Pelvic Organ Prolapse

Pelvic Organ Prolapse can occur at any age, but is more common in certain situations:

  • Post pregnancy and childbirth
  • Older age
  • Overweight
  • Lifestyle – like type of job (e.g. heavy lifting)

1/3 of women will have symptoms from a prolapse. A prolapse can range from being mild or severe. Some of the typical symptoms are vaginal heaviness, awareness of a lump or bulge and sometimes discomfort. These symptoms may affect your quality of life sometimes or all the time and you may have good days and bad days – every woman may be differently affected.

Other symptoms can include:

  • Bladder leakage, frequency, not fully emptying the bladder 
  • Incomplete emptying and needing to go more than once to complete a bowel movement.
  • Penetrative sex can be uncomfortable

This is what the normal anatomy of the female genito-urinary system looks like:

Different types of pelvic organ prolapse include:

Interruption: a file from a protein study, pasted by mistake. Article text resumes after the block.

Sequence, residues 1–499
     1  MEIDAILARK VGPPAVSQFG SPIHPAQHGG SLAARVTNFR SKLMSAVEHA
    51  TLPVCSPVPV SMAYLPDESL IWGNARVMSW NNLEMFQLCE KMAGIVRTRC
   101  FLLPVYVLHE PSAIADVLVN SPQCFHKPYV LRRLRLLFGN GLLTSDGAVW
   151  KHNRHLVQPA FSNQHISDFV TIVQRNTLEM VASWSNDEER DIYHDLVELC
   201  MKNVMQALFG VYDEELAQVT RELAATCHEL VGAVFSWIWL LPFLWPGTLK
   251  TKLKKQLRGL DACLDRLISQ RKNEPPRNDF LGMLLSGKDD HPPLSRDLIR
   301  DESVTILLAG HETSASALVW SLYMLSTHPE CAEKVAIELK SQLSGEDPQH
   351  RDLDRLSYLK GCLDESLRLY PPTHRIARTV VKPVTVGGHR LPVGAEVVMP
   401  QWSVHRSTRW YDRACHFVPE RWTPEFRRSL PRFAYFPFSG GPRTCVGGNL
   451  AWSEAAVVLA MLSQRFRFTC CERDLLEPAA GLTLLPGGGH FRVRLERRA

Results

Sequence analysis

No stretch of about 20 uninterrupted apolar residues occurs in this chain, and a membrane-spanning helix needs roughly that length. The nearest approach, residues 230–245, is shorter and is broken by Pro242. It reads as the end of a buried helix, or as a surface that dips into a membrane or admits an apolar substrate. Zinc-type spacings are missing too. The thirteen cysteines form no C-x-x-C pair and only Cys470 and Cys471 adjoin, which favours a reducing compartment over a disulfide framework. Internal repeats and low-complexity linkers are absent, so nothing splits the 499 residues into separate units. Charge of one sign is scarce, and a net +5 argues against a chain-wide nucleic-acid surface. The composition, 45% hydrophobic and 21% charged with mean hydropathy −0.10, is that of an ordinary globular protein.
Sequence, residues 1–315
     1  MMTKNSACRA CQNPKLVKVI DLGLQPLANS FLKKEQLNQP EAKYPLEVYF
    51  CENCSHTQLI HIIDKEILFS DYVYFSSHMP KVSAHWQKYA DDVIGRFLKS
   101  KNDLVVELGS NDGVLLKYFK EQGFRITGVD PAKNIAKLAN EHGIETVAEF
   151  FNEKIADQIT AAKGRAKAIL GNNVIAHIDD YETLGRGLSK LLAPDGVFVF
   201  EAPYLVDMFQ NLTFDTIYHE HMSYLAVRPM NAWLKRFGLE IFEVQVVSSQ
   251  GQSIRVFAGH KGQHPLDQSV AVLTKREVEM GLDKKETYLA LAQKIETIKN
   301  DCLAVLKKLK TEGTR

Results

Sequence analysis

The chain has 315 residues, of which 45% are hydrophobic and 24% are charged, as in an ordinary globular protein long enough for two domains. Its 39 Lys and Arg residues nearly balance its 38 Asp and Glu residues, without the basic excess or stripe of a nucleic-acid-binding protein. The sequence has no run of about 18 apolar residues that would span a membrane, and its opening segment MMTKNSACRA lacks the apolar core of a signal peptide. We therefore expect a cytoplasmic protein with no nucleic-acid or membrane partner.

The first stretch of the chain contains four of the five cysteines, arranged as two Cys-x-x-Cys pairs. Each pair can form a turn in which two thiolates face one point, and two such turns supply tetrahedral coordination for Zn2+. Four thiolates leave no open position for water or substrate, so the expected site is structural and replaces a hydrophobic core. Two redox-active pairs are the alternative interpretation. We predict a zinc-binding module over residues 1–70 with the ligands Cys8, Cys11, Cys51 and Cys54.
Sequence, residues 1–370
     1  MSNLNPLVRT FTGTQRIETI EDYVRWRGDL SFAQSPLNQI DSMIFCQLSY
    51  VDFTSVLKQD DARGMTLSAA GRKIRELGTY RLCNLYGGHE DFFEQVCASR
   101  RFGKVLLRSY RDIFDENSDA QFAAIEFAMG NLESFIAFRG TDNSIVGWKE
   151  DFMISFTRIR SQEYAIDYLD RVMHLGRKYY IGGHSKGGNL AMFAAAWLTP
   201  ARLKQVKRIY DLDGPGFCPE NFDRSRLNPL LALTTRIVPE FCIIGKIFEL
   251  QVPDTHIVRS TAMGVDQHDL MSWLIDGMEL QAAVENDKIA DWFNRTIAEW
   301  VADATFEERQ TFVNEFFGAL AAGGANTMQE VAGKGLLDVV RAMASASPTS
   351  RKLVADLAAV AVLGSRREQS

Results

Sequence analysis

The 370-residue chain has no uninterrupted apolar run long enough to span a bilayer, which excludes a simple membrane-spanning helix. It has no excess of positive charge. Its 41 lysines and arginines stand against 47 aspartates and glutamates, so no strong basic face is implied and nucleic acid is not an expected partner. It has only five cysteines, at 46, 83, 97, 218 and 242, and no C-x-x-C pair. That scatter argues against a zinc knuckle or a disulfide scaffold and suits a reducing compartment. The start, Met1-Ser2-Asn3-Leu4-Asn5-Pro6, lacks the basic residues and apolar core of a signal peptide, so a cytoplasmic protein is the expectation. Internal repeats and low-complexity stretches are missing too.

Anterior Wall Prolapse (urethrocele)

  • This is the most common type of prolapse
  • This is where the front wall becomes weak and the bladder bulges into the front wall of the vagina.

Posterior Wall Prolapse (Rectocele)

  • This where the back wall becomes weak and the rectum bulges into the back wall of the vagina

Uterine Prolapse

  • This is where the uterus hangs down into the vagina. There are different stages to this type of prolapse, the most severe form where the uterus is visible outside of the vagina.

Vault Prolapse

  • This is a type of prolapse that may occur post hysterectomy. This is where the top (vault) of the vagina bulges down.

Physiotherapy can help address the prolapse itself and the symptoms that you are experiencing.

Pelvic Obstetric and Gynaecological Physiotherapists

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